July and August 1914 were pivotal months for the beginning of what would become the Pauline Family. James Alberione, the thirty-year-old diocesan priest of the Diocese of Alba, made concrete steps toward the plan that he had conceived fourteen years earlier in his prayer during the night between the centuries. As the twentieth century opened he daily studied the society in which he and his followers would work, a society influenced by the spread of masonry, marxist socialism, and modernism, a society that would be increasingly influenced by the power of the newspaper and reading (and later by the proliferation of means of communication that we see today). God had called him to carry this new century in his heart and to use the very instruments that were de-christianizing men and women to fill them with faith and hope, and for the restoration of society.
So a little over 100 years ago, in July, 1914, Alberione rented a building in Cherasca Square, Alba. On the 30th he bought a printing press and some furniture. On August 20th he opened the Little Worker Typographical School. On this same day Pope Pius X died. It was the feast of St. Bernard and a little less than a month after the start of World War I.
On August 20, James Alberione was alone. I can imagine him walking through the empty house which would be their home and their typography. The printing press stood silent. Everything was ready to print the Word of God, and to give the world Jesus Christ, Way, and Truth, and Life. Alberione was beginning something new: a mission that put the social strength of the press at the service of evangelization. Therefore he had to begin not in the traditional environments for mission, but concretely in the field of printing. Two days later, on August 22nd he welcomed the first young boys to the school, and on the 24th he blessed the house and the printing press. With just four persons, the seed was firmly planted in the fertile ground of the Church for the large tree that would one day be known as the Pauline Family, made up of the sons and daughters of Alberione who would believe in his dream and follow the way he pointed out for us. The Institute was called the School of Printing before the public, but already those who had come to join Father Alberione called themselves the Pious Society of St. Paul, a name given by Alberione himself.
In this regard, the testimony of Fr. Alberione on the fortieth year of foundation is interesting: “When the first boys were gathered, in 1914, in a small house and a minute printing press, something curious happened, as if an alarm: ‘Work and bread are taken away from the printers.’ Appeals to the Authority were made. The Church authorities replied, ‘Respect the freedom of everyone.’ The civil authority replied: ‘It is stillborn... We shall watch over it, at the first unlawful move, it shall be closed.’ So, it had to be born even smaller, and not let anyone hear even a sigh... So, everything was covered by the name ‘Small worker’s printing school.’ It was a Christmas crib. We ought always to consider ourselves, only as small workers of God; just as it is in fact with respect to the whole world and the colossal means that make use of false teachers, enemies of Jesus Christ and of the Church” (G. Alberione, Nel quarantennio, Welcome address to the visitors of the Pauline exhibit, Alba [20.08.1954]).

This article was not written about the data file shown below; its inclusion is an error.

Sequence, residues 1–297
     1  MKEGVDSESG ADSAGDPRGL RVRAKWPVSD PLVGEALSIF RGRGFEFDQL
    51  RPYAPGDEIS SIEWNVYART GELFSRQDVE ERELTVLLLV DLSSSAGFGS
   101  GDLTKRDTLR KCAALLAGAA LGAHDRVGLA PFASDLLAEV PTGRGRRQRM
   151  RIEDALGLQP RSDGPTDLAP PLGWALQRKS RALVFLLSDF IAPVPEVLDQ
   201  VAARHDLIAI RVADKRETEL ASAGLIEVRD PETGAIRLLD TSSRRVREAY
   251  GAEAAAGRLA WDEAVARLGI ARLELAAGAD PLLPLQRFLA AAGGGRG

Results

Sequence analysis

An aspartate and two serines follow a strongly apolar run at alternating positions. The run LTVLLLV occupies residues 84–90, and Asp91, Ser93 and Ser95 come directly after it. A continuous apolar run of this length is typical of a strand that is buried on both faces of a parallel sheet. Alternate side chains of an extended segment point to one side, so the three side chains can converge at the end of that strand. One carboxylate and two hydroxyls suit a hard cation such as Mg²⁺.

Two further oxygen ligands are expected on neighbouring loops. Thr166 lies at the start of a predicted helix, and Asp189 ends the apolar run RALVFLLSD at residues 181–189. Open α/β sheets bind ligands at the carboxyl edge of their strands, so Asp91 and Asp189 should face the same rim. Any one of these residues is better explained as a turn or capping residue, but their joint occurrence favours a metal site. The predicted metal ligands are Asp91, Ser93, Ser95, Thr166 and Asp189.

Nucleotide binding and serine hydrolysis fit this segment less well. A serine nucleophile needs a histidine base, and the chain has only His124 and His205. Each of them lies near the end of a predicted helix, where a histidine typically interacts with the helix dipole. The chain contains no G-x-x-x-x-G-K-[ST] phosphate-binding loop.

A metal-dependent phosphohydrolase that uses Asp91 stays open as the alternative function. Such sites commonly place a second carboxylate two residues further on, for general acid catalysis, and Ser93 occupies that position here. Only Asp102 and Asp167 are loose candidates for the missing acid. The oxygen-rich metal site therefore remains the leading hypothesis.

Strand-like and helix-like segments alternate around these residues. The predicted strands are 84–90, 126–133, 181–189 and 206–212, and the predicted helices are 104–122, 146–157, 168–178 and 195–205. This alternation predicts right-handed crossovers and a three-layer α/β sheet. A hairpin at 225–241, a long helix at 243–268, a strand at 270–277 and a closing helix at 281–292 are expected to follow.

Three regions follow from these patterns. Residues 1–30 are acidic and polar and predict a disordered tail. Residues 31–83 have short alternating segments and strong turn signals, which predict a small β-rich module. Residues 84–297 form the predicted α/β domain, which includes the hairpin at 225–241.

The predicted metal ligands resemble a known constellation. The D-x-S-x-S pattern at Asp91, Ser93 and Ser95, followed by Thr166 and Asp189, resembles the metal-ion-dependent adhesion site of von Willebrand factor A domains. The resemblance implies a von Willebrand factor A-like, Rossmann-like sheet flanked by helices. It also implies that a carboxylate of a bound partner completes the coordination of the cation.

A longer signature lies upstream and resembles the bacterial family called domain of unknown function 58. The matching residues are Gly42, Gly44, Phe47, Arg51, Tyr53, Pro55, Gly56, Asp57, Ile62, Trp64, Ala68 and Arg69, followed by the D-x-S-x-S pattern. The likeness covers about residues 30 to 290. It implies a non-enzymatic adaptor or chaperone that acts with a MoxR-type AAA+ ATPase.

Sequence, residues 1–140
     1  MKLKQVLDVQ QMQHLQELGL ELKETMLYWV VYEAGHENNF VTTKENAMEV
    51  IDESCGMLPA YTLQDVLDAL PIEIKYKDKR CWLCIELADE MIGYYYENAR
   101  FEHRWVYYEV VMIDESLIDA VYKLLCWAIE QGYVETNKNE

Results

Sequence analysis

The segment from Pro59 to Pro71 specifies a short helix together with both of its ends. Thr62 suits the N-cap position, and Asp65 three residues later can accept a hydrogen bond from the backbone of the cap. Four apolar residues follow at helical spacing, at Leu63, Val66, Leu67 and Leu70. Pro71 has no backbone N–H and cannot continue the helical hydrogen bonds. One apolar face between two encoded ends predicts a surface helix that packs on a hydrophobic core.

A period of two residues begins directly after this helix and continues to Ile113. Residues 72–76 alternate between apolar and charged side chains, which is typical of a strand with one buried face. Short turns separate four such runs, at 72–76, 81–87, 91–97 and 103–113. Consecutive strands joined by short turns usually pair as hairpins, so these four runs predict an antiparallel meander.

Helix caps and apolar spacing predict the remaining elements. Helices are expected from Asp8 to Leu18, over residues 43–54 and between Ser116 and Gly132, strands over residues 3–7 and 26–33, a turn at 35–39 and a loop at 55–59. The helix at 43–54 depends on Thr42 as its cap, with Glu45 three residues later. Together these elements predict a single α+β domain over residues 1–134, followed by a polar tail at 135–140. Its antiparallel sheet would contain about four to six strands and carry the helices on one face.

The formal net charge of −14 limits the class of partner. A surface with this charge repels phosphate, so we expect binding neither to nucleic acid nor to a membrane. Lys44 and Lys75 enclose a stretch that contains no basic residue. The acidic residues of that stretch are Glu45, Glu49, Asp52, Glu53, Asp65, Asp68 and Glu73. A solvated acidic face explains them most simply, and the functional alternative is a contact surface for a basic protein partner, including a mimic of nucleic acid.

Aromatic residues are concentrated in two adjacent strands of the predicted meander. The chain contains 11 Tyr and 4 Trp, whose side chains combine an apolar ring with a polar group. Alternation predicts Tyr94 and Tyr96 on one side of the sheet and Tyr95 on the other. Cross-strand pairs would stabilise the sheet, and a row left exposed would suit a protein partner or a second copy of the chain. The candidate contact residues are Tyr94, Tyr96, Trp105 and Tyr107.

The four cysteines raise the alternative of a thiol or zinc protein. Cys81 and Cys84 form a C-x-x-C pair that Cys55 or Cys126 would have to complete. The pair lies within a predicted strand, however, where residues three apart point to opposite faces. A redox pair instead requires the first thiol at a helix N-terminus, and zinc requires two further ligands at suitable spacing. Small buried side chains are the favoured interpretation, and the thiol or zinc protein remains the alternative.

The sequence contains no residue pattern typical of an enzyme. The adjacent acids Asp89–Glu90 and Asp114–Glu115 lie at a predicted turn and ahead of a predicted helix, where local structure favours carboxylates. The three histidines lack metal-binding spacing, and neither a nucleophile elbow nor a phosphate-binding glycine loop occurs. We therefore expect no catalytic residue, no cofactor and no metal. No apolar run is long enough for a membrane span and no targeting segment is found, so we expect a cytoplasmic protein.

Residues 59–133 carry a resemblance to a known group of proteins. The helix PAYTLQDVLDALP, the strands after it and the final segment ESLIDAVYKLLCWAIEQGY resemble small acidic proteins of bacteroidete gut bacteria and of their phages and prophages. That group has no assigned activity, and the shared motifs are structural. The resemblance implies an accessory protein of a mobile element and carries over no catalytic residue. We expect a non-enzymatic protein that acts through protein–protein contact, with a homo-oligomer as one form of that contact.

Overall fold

There was no way that this handful of courageous dreamers could see into the future. But it is due to their tenacity and faith that we stand here today as recipients of the Pauline Charism born of the Eucharist and lived by thousands who have gone before us.
Words of James Alberione
The Pauline Family has the mission to make known, to imitate, and to live Jesus Christ inasmuch as he is our Teacher; it will fulfill this privileged mission in a holy way by training people to know, to love and to pray to Mary, our Teacher: dedit orbi Magistrum Jesus, qui est benedictus fructus ventri sui. (cf. UPS IV, 242) “She gave Jesus the Master, the blessed fruit of her womb, to the world.” The Pauline Family is distinguished from the other religious families that have different apostolates … There is the diversity. Are we truly aligned with the spirit of St. Paul? It is precisely this: It is he who points out the Divine Master, and that is, he has taken up the Gospel which he deeply meditated and then adapted it to the world, to the needs of his time and to the needs of the different countries. (cf. Spiritual Exercises preached by Alberione to the FSP in Grottaferrata, 1954, p. 29)
Let us consider the Pauline Family as a gathering of apostolic souls who offer themselves and commit all their strength for mankind. We can say at the end of life: I have not spared anything for them. (cf. Op. cit., p. 141)
I would invite us to reflect how we walk; and to understand well, on the other hand, the Pauline Family and its beautiful path … The Lord lights the lamps ahead, gradually as we walk and as needed; he does not light them all at once, at the start, when they are not yet needed. He does not waste light, but he always gives it at “opportune times.” (cf. SP, aprile-maggio 1959)
Are we truly aligned with the spirit of St. Paul? It is precisely this: It is he who points out the Divine Master, and that is, he has taken up the Gospel which he deeply meditated and then adapted it to the world, to the needs of his time and to the needs of the different countries. (cf. Spiritual Exercises preached by Alberione to the FSP in Grottaferrata, 1954, p. 29)
by Sr Kathryn J. Hermes, FSP